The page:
Summary and book reviews of Hyde by Daniel Levine

Hyde

by Daniel Levine

Hyde by Daniel Levine X
Hyde by Daniel Levine
  • Critics' Opinion:

    Readers' Opinion:

     Not Yet Rated
  • First Published:
    Mar 2014, 416 pages
    Paperback:
    Apr 2015, 304 pages

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Book Reviewed by:
Bob Sauerbrey
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About this Book

Book Summary

A reimagining of The Strange Case of Dr. Jekyll and Mr. Hyde from the monster's perspective, Hyde makes a hero of a villain.

What happens when a villain becomes a hero?

Mr. Hyde is trapped, locked in Dr. Jekyll's surgical cabinet, counting the hours until his inevitable capture. As four days pass, he has the chance, finally, to tell his story - the story of his brief, marvelous life.

Summoned to life by strange potions, Hyde knows not when or how long he will have control of "the body." When dormant, he watches Dr. Jekyll from a remove, conscious of this other, high-class life but without influence. As the experiment continues, their mutual existence is threatened, not only by the uncertainties of untested science, but also by a mysterious stalker. Hyde is being taunted - possibly framed. Girls have gone missing; someone has been killed. Who stands, watching, from the shadows? In the blur of this shared consciousness, can Hyde ever be confident these crimes were not committed by his hand?

Day One

Morning

Henry Jekyll is dead.

I whisper the words and then listen, as if I've dropped a stone into a well and await the plunk and splash . . . But inside my head there is only silence. All around me a chorus of celebratory noises fills the void: the simmering pop of the coals in the stove, the nautical creak of the whole wooden cabinet, and a faint, high-pitched cheeping from beyond the windows that sounds almost like baby birds. Here I sit in Jekyll's chair by these three encrusted casement windows, with his mildewed overcoat draped about my shoulders like a travelling cloak. My journey's end. The transformation has never felt so smooth before. No spinning sickness, no pain. Just a gentle dissolution: Jekyll evaporating like atomic particles into the air and leaving me behind in the body. This time for good.

Extinction. That was the word Darwin used in his book, which Jekyll befouled weeks ago and then dumped from the chamber pot out the window (no ...

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Reviews

BookBrowse Review

BookBrowse

There’s much hidden in Hyde and much also hiding in Jekyll, perhaps even from himself. And us? How many of our hidden desires and thoughts would we wish to act out and at the same time still deny? What shameful horrors appear in our dreams? In Hyde, Daniel Levine shines a light that passes through Jekyll and Hyde to fall on each of us who must question the reality of our judgments on our own lives – and what does that tell us about the judgments we so readily make about others?..continued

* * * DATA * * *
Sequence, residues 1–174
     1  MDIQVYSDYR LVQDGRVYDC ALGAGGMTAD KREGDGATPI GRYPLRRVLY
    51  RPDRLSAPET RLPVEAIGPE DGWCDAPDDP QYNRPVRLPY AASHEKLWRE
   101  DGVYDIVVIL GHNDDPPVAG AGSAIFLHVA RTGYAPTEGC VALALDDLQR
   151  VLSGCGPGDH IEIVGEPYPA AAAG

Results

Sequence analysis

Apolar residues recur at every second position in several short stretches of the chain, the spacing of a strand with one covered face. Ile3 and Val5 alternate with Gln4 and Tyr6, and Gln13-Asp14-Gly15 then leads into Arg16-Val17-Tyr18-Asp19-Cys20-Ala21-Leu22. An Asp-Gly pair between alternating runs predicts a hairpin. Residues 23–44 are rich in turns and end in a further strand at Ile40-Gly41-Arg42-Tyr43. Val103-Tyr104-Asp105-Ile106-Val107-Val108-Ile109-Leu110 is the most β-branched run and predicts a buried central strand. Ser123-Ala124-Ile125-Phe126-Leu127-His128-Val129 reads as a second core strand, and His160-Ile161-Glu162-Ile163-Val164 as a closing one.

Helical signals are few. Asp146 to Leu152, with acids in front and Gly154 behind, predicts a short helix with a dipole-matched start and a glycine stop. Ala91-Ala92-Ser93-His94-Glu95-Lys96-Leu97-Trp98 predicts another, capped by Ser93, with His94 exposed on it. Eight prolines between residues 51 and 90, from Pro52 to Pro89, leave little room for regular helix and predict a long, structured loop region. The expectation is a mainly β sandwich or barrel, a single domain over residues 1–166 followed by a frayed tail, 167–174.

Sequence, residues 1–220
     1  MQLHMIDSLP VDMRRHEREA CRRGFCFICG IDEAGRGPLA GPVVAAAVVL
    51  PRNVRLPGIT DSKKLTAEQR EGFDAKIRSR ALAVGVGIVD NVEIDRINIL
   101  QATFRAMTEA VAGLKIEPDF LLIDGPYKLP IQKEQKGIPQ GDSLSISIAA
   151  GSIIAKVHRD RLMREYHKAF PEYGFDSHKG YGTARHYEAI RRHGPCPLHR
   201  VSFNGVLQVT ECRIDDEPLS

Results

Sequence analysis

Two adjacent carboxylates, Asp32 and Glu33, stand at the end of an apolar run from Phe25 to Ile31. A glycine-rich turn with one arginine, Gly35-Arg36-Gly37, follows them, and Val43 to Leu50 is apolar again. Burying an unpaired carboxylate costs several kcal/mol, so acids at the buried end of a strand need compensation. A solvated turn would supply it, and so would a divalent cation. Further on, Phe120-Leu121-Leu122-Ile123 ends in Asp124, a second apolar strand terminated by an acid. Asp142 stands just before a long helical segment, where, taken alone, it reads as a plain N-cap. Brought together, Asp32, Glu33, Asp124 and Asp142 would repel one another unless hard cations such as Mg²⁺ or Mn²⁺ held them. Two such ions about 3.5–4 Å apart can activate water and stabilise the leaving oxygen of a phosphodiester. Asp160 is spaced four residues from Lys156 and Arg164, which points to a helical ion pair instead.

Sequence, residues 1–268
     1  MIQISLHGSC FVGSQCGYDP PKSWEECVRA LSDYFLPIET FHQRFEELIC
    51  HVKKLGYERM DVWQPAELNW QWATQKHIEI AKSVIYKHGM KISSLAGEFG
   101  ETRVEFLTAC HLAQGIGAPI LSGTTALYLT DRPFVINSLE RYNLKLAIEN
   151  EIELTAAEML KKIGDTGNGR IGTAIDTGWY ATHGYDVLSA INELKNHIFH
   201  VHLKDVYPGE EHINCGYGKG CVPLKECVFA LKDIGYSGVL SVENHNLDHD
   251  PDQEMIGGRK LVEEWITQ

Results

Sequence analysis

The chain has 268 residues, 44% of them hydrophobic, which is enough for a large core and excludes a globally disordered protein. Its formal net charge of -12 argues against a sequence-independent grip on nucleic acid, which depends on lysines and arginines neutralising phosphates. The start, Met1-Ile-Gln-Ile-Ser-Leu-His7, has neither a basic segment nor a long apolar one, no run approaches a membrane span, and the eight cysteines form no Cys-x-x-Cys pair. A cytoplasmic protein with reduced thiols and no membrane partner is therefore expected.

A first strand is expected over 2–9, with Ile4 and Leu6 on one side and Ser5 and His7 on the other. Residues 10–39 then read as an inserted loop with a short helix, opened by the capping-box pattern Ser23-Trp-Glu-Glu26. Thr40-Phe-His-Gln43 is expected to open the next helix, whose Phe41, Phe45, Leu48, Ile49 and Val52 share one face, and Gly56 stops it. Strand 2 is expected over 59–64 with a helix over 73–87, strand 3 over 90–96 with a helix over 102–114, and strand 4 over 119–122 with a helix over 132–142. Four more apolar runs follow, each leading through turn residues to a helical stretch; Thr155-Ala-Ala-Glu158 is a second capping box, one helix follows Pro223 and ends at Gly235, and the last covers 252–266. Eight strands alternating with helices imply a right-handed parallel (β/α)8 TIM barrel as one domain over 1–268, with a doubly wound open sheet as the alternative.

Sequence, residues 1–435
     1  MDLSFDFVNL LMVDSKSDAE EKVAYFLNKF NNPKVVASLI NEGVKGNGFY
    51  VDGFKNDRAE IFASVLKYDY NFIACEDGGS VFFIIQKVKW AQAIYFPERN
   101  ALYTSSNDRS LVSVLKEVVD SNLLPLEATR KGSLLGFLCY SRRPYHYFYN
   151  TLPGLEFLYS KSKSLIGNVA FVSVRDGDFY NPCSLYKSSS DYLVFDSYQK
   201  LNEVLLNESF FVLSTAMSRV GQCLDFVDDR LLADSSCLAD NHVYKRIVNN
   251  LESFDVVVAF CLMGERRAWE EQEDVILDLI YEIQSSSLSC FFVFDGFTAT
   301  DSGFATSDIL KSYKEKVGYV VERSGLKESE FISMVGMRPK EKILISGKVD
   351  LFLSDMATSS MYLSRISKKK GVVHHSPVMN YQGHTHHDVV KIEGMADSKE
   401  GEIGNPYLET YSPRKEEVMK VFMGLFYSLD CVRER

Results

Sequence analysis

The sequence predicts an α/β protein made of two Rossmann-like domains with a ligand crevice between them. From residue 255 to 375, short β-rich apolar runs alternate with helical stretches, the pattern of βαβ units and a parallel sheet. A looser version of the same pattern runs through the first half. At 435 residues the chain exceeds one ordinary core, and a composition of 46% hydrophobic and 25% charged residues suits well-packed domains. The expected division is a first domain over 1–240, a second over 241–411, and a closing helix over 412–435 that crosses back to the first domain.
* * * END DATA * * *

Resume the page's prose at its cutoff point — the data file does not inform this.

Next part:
Full Review (707 words).

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(Reviewed by Bob Sauerbrey).

Media Reviews

Kirkus Reviews
Cleverly imagined and sophisticated in execution, this book may appeal to those who like magical realism and vampire stories, but the latter should know that the book is more intellectual than thriller.

Booklist
A fascinating companion piece to a classic story.

Library Journal
Levine's debut novel is deviously plotted but relies a great deal on readers having a close familiarity with the parent text, while the anachronistically graphic descriptions of sex and violence may be off-putting for some. On the other hand, readers who enjoy the grittier crime fiction of Dennis Lehane, James Ellroy, and John Connolly might give it a try.

Publishers Weekly
Starred Review. This ambitious first novel provides an alternate perspective on Jekyll's chemical experiments on the split personality.

Author Blurb Patrick McGrath, author of Asylum
Hyde brings into the light the various horrors still hidden in the dark heart of Stevenson's classic tale of monstrosity and addiction. Devious and ingenious, it is a blazing triumph of the gothic imagination.

Author Blurb Jon Clinch, author of Finn
You may think you know Dr. Jekyll, but this Hyde is a different beast altogether.

Author Blurb Ronald Frame, author of Havisham
Prepare to be seduced by literary devilry! Go back to Victorian times to find a very postmodern whodunit. Visceral prose, atmosphere you could choke on, characters who seem to be at your very shoulder.

Reader Reviews

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Beyond the Book

Seek What Hides: The Shadow

Richard Mansfield as Jekyll/HydeRobert Louis Stevenson's The Strange Case of Doctor Jekyll and Mr. Hyde and Daniel Levine's Hyde deal with the experience of fragmentation or alienation in our human experience. This is not a new insight, but one that has baffled humanity for millennia. Plato saw two worlds - one ideal, good, and true, and the other material, limiting, and ultimately false. Paul, in his letter to the Romans, speaks of what he feels to be two persons struggling within: "What I don't understand about myself is that I decide one way, but then I act another, doing things I absolutely despise." (Romans 7:15 MSG) The search for one's true self has pervaded literature, both in the East and West. In the Western tradition, the answer to the ...

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